Improving the safety of maternity care in the National Health Service (NHS) and other medico-legal matters

By John Tingle

There are some very interesting Government patient safety and access to justice policy development activities currently going on in England.

Maternity Services

In maternity services, there is a clear recognition by Government that safety is inconsistent and that there is significant scope for improvement. Our still birth rates are amongst the highest in Europe despite the National Health Service (NHS) making advances in patient safety in this area. In the National Maternity Review we are reminded that half of the Care Quality Commission (CQC) inspections of maternity services result in safety assessments that are either ‘inadequate’ (7%) or ‘requires improvement (41%) (page 22). The CQC is the independent regulator of health and social care in England.

In a speech to the Royal College of Obstetricians and Gynaecologists (RCOG) in London, the Secretary of State for Health, 17th October, 2016, Jeremy Hunt laid out plans to make giving birth safer, including maternity safety funding and other related matters. The Government’s ambition is to halve neonatal death, stillbirth, maternal death and brain injuries caused during or shortly after labour by 2030 and a series of measures were  launched. There will be a £250,000 maternity safety innovation fund and a new national Maternity and Neonatal Health Quality Improvement Programme. New maternity ratings will also be published to help improve transparency, raise standards and will give families better information about the quality of local maternity services.

A safe space

Improvement measures also  include the development of a ‘safe space’ to allow clinicians to speak openly about things that go wrong without fear that information they disclose may be used against them in court or professional conduct hearings. A Government consultation report on this has now been published

Rapid resolution and redress (RRR) scheme for birth injuries

There will be a Government consultation paper published on developing a new rapid resolution and redress (RRR) scheme for birth injuries. The scheme would be similar to the administrative compensation model in place in Sweden. The scheme would pay out for birth injuries without families needing to go to court and prove negligence. The threat of branding individual clinicians negligent would be removed. This in itself is controversial as arguably a tort, fault based compensation recovery system does at least function as a useful mechanism of health carer accountability and can operate to deter bad practice. Clinicians do not want to appear in court and be branded as ‘negligent’ so hopefully,the argument goes,they will practice carefully to avoid this. Under a (RRR) scheme we may lose this apparent and fundamental advantage of the present tort, fault based system. The hope is also that this proposal will lead to more effective health care adverse incident investigation. Eligible families for the (RRR) scheme will have the option of joining the scheme, it is not compulsory. The scheme is seen as being a quicker option than going to court with the average time families have to wait for resolution of a case being 11.5 years.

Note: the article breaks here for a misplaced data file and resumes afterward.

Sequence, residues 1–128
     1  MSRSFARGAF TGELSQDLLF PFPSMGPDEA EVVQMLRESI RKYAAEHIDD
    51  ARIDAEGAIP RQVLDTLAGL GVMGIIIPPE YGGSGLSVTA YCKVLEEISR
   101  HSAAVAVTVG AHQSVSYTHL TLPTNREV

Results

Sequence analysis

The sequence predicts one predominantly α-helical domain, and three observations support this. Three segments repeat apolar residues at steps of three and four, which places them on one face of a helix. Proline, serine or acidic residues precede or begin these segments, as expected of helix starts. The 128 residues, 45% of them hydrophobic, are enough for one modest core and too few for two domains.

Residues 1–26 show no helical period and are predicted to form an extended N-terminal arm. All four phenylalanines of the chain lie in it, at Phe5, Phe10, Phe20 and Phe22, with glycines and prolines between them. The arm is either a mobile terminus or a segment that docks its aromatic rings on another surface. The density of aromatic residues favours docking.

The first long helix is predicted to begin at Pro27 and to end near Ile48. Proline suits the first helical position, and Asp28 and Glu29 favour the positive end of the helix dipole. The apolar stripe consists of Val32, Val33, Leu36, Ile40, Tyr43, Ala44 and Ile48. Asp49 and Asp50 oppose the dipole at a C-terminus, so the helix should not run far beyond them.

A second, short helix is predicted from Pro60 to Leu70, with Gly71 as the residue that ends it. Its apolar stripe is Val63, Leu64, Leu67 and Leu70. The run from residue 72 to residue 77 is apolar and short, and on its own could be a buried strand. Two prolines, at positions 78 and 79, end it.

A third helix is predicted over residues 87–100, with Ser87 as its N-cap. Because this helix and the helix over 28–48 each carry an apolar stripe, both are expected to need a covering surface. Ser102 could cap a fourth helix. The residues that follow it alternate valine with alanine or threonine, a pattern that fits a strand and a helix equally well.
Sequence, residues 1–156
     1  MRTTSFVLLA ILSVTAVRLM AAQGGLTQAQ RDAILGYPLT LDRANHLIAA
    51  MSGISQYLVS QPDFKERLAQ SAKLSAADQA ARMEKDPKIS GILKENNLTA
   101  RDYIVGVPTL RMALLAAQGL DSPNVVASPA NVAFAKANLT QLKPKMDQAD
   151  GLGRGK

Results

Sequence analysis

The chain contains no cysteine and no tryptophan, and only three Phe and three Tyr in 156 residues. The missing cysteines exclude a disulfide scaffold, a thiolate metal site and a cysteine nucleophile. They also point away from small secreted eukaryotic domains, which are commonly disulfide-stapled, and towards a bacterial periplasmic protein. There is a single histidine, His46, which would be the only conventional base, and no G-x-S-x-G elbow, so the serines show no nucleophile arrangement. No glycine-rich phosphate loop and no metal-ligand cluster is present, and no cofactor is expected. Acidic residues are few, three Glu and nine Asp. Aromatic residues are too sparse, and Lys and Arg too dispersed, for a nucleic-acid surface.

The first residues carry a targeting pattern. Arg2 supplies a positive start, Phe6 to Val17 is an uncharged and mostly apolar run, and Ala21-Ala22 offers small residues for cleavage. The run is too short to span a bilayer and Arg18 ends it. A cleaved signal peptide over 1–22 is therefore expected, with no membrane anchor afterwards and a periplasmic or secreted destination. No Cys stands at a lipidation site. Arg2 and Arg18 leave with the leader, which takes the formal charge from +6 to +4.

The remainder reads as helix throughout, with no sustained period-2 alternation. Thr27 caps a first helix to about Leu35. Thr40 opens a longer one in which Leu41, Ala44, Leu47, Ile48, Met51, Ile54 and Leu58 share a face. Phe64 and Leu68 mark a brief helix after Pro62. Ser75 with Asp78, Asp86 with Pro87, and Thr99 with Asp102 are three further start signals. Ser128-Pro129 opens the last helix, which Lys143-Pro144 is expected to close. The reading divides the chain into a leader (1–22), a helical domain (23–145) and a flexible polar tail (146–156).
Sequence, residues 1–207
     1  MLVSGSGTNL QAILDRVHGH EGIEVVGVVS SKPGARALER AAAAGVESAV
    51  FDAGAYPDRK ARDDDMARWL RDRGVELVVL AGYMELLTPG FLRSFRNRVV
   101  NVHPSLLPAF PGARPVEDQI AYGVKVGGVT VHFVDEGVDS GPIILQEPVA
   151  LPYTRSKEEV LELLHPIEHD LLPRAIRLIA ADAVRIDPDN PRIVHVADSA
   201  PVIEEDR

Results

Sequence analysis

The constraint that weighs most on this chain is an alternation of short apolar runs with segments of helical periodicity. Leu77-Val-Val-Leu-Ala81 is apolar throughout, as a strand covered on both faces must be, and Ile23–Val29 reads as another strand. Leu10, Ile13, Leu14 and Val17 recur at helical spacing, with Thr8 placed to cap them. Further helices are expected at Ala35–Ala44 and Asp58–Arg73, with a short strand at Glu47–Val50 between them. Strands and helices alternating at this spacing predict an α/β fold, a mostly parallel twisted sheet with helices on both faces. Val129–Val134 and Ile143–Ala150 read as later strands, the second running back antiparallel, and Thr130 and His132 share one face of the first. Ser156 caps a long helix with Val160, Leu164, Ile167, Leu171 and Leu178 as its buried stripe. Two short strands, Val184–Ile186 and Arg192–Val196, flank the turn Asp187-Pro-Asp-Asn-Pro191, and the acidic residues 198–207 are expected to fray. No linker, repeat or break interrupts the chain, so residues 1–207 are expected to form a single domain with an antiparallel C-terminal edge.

The (RRR) scheme has been broadly welcomed by the charity for patient safety and justice, Action against Medical Accidents (AvMA)  but they highlight a number of concerns such as a proposed limit of compensation to a pre-determined capped amount regardless of the child’s actual needs which was mentioned in The National Maternity Review report which put forward the proposal. AvMA says the scheme ‘must not short change brain damaged children’. Sweden has seen a 50 per cent reduction in avoidable serious birth injuries in the last 6-7 years and the scheme also has cemented good relations between the healthcare professionals involved in maternity care. This leads to better implementation of patient safety policies, tools and practices.

The new Healthcare Safety Investigation Branch

The new Healthcare Safety Investigation Branch will also be up and running from April 2017.

Litigation costs control

It is also a time of change for medical malpractice lawyers who will be seeing on the horizon the Government introducing fixed recoverable costs for claimant solicitors for some clinical negligence claims. There are claims that Medical legal costs ‘are excessive and should be capped’.

John Tingle

John Tingle is a regular contributor to the Bill of Health blog. I am a Lecturer in Law, Birmingham Law School, University of Birmingham, UK; and a Visiting Professor of Law, Loyola University Chicago, School of Law. I was a Visiting Scholar at Harvard Law School in November 2018 and formerly Associate Professor at Nottingham Law School, Nottingham Trent University in the UK. I have a fortnightly magazine column in the British Journal of Nursing where I focus on patient safety and the legal aspects of nursing and medicine. I have published over 500 articles and a number of leading texts in patient safety and nursing law. My current research interests are in global patient safety, policy and practice, particularly in African health care systems. My most recent publication is: "Global Patient-Safety Law Policy and Practice," edited by John Tingle, Clayton O'Neill, and Morgan Shimwell, Routledge 2018.

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